Still, other impacts of drought this year were extensive. Faced with conditions such as rising hay prices and poor grazing conditions, some ranchers were forced to sell off livestock they otherwise would have held onto longer. Residential customers of Redlands Water and Power Co. were rationed irrigation water on an alternating-day schedule. Local municipal water suppliers, acting on a drought response plan created following the 2002 drought, implemented voluntary water restrictions, although Ute Water reported a temporary increase in use this summer as residents apparently boosted their irrigation activity.

The Bureau of Land Management took the unusual step of providing emergency water to about 50 wild horses south of Rangely. The agency eventually removed some of the horses out of concern they would die of thirst, but later suspended the roundup after several days of rain.

Flood ponds that help endangered fish such as the razorback sucker failed to fill, and the drought also created difficulties in terms of efforts to aid such fish. But in actions that earned praise from the U.S. Fish and Wildlife Service, some irrigation districts and other local water organizations voluntarily boosted flows and undertook operational measures and infrastructure projects on behalf of the fish.

For Colorado, this year’s drought was far different from the one in 2002 in one respect. While 2001-02 was a second-straight dry winter, the 2012 drought was preceded by epic snowfall during the winter of 2010-11. That meant reservoirs generally had plentiful water storage to help temper the effects of the dry spell that has followed. But now, reservoirs are no longer well-positioned to come to the state’s rescue should the drought continue, contributing to fears for much worse impacts if the drought continues next year. These could include Stage 2, mandatory water restrictions for customers of several Grand Valley municipal water suppliers next year.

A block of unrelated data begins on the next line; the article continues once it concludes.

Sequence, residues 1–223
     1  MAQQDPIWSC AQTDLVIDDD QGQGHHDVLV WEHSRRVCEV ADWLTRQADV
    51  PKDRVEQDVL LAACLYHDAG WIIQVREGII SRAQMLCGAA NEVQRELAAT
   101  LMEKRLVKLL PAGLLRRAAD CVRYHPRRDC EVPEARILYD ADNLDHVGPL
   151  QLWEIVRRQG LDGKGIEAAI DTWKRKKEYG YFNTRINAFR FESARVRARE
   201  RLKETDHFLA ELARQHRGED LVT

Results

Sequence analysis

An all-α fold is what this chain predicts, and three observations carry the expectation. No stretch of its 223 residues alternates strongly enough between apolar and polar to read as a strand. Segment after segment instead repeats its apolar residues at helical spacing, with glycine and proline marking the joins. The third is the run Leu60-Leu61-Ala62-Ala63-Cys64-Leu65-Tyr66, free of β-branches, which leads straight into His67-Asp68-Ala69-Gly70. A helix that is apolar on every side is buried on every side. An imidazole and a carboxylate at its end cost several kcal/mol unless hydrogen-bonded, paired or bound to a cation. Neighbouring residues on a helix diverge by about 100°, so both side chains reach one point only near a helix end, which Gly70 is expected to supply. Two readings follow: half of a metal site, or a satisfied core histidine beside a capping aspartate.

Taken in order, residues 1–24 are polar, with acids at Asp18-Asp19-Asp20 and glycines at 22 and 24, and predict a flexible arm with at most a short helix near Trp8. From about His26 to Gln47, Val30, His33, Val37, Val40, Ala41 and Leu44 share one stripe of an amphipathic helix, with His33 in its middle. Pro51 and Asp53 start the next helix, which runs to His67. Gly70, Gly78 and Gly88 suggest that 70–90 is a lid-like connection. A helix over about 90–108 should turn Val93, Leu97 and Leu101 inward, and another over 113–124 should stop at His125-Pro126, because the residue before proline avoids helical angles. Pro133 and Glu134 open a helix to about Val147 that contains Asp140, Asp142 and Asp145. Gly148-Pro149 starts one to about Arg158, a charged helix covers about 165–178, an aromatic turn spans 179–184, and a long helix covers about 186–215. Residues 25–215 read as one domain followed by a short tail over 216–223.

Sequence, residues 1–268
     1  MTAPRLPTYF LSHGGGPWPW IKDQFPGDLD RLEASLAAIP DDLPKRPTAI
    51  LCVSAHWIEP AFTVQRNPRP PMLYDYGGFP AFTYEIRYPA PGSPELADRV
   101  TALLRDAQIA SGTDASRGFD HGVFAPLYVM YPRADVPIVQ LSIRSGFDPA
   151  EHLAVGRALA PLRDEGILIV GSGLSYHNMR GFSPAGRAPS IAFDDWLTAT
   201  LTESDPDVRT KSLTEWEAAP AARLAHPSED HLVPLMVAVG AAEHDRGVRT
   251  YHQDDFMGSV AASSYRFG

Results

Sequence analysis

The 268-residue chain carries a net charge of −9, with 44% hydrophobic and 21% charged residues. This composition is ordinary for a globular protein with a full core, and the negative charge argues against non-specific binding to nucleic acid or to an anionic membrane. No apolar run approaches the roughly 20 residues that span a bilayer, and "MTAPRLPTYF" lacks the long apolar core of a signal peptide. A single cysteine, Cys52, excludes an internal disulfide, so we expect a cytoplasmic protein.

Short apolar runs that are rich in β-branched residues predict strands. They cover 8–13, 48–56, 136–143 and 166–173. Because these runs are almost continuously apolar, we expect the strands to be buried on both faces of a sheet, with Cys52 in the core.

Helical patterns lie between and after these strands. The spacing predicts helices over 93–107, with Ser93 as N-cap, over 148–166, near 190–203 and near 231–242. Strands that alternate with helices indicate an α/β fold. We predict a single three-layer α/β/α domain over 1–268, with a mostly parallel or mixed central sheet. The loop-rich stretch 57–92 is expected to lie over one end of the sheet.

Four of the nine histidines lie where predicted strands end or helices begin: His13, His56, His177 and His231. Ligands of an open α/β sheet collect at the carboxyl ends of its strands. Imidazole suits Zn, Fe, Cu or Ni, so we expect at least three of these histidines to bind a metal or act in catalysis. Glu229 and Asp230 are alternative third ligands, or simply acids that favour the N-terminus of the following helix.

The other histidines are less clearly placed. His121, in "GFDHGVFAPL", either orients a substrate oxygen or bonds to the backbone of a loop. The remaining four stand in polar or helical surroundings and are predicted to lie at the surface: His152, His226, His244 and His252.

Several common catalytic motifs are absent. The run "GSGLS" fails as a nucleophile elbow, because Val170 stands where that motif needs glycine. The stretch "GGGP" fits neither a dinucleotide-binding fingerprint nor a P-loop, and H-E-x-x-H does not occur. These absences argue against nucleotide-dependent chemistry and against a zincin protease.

Statewide, reservoir storage was just 38 percent of capacity and two-thirds of normal as of the end of November, and with snow at first slow to come in late 2012, water-watchers are anxiously watching to see what the rest of winter brings, precipitation-wise.

Forecasters say that with it being a “No Niño” winter — expected to display neither an El Niño nor a La Niña weather pattern as predicted by water temperatures in the equatorial eastern Pacific Ocean — it’s particularly difficult to say how wet a season is in store. But conditions have improved in recent weeks. According to the Natural Resources Conservation Service, statewide snowpack was just 38 percent of average in late November. However, as of Saturdayit had reached 73 percent of average for that date, buoyed by recent storms. Averages ranged from 72 percent in the Upper Colorado River Basin to 87 percent in the Yampa/White rivers.